Part F - Question

Dan Smith daniel.smith at
Mon Dec 16 16:09:25 PST 2013

I have seen this suggestion; I think it's probably too late to act on it, but I will explore/consult a little further before deciding definitively what should be done.


On Dec 9, 2013, at 10:10 PM, Srikanth S Adayapalam <srikanth_sankaran at> wrote:

> > From: Dan Smith <daniel.smith at> 
> > Subject: Re: Part F - Question 
> > 
> > Yes, there's a spec/implementation discrepancy right now.  We're 
> > discussing internally how we'd like to handle this.  (Any comments 
> > here are welcome, too, of course.)
> OK, Here is some input: 
> The present definition of value/void compatibility matches that of 
> "regular" or "vanilla" methods. That has its merits as far as language 
> regularity/consistency goes, but can be a tad too pedantic when carried 
> over to lambdas: I wonder if things get much simplified for compiler 
> implementers [*] if we choose to adopt a pragmatic definition that would 
> not amount IMO to any loss of useful functionality: 
> So the suggestion: 
> For lambda's with expression body - no change is required. 
> For lambda's with block bodies - what would it mean if the definition 
> is tweaked to say: 
> For the purposes of applicability checks *only* 
>     - A block bodied lambda is void compatible if every return in its 
> body lacks an expression (or there are no return statements in its body) 
>     - A block bodied lambda is value compatible if every return in its 
> body is of the form "return expression" 
>     - A block bodied lambda is also value compatible if the last statement 
> in its body is a throw statement. 
> I see two ramifications of such a change: 
> 1. Lambda's of the form: 
>        (x) -> { if (x > 10) return x; } 
> would be seen to be value compatible for the purposes of potential applicability 
> checks instead of being declared as being neither value nor void compatible per the 
> present rules. So, what ? This is a distinction without a difference - This is a 
> broken lambda and by declaring it as value compatible for potential applicability 
> checks, we are simply but surely deferring the error reporting to a later stage. 
> (It could even result in better error messages in some cases based on an implementation)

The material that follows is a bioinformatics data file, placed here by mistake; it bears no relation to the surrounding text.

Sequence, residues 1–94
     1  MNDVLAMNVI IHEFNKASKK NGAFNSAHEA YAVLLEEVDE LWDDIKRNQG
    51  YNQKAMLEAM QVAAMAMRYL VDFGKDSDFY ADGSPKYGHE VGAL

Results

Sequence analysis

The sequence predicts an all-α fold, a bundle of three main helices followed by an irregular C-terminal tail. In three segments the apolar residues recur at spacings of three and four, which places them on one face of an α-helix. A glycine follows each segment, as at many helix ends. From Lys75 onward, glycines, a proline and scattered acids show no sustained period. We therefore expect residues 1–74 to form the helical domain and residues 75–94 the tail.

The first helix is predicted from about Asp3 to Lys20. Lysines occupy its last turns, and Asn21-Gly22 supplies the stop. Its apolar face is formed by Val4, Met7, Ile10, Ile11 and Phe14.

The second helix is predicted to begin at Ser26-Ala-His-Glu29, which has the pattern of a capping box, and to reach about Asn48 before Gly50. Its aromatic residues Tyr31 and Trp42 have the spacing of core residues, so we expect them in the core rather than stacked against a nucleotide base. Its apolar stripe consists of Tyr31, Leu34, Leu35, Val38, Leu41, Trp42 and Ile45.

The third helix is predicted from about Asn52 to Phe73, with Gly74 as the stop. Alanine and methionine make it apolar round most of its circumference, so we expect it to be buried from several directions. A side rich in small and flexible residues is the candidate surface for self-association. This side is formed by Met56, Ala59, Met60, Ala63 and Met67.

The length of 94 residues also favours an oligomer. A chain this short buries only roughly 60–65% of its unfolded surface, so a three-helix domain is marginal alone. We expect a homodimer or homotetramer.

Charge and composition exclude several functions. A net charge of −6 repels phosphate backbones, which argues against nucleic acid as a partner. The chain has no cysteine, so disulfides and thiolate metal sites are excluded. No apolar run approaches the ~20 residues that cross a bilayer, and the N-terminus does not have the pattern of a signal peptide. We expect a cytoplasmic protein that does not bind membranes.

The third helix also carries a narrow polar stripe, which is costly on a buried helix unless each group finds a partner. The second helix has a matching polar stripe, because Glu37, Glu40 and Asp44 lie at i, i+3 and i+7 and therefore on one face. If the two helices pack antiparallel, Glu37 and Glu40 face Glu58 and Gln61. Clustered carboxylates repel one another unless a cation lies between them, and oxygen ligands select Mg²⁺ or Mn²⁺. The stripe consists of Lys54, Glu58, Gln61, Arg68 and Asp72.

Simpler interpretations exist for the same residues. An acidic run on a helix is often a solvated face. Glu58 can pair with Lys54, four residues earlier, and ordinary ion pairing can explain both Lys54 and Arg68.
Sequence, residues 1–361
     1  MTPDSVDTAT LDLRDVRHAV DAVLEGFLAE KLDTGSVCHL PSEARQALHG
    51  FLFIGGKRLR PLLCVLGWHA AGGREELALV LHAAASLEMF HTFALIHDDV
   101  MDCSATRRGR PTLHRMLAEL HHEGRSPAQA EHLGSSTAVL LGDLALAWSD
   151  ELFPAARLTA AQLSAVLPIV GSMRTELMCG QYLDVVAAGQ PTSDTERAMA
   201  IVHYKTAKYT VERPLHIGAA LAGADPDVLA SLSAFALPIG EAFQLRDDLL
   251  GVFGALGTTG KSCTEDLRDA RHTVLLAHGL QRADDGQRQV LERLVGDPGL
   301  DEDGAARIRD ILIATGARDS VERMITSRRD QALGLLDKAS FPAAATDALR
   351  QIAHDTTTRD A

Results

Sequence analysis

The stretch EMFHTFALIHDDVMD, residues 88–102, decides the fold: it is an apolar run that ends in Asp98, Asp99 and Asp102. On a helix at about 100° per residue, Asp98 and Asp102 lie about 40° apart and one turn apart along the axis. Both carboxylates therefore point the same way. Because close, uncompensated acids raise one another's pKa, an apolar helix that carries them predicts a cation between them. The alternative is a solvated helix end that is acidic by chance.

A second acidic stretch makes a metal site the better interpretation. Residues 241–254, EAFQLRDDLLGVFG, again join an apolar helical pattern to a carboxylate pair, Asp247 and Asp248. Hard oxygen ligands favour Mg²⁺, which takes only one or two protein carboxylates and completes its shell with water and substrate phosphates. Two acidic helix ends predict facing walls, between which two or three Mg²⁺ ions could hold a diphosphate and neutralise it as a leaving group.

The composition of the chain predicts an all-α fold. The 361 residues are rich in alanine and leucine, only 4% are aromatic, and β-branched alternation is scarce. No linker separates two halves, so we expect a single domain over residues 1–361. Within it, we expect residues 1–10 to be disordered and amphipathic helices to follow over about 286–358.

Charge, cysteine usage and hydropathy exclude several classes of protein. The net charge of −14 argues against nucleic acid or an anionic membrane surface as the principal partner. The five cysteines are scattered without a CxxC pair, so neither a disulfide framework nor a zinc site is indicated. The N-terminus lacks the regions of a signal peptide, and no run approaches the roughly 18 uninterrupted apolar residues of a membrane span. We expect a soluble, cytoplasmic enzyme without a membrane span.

> 2. A lambda of the form: 
> () -> { while (true); } 
> would not be seen to be value compatible. 
> Again, it appears to be that there is no major loss of functionality due to this. 
> In general, there is value (sorry for overloading the term :)) to deducing/treating 
> methods that don't complete normally as being value compatible (assuming otherwise 
> they are well formed), as this supports a bunch of use cases such as 
>     - "abstract virtual methods" in a concrete class. You often don't want to introduce 
> a new abstract method in a concrete class because that would burden the entire hierarchy 
> while the new method could be pertinent only to a few parts of the hierarchy. So provide 
> an implementation that just throws an exception to shut up the compiler. 
>     - Invalid inputs: A switch case statement may handle variety of valid inputs and 
> the ultimate statement in the method could be a throw for invalid values. 
>     - while (true) server loops. 
> I think the special allowance to treat a lambda as being value compatible if its last statement 
> throws an exception would cover these cases adequately. 
> The present definition makes (as the spec calls out) value-void compatibility a non-structural 
> property - necessarily calling for control/data flow analysis to be performed to determine the 
> shape. It is not clear to me that the benefits outweigh the cost to an implementation. With the 
> suggested changes even a basic AST visitor would suffice. 
> (As an aside: (non-compiler) tool builders have some interesting challenges here too: Compiler 
> have it easy - they see a broken program and they reject it. Right now I am working on providing 
> code completion support for type elided parameters - the lambda is being written "just now", 
> the programmer is requesting code assistant support to write the lambda - now if a tool builder 
> implements the spec rigorously and holds a lambda as being not value compatible because the 
> return statement has not been yet written, the method invocation may never be resolved and the 
> elided types will never be inferred.) 
> [*] We have solved this problem in the Eclipse compiler. 
> Thanks! 
> Srikanth

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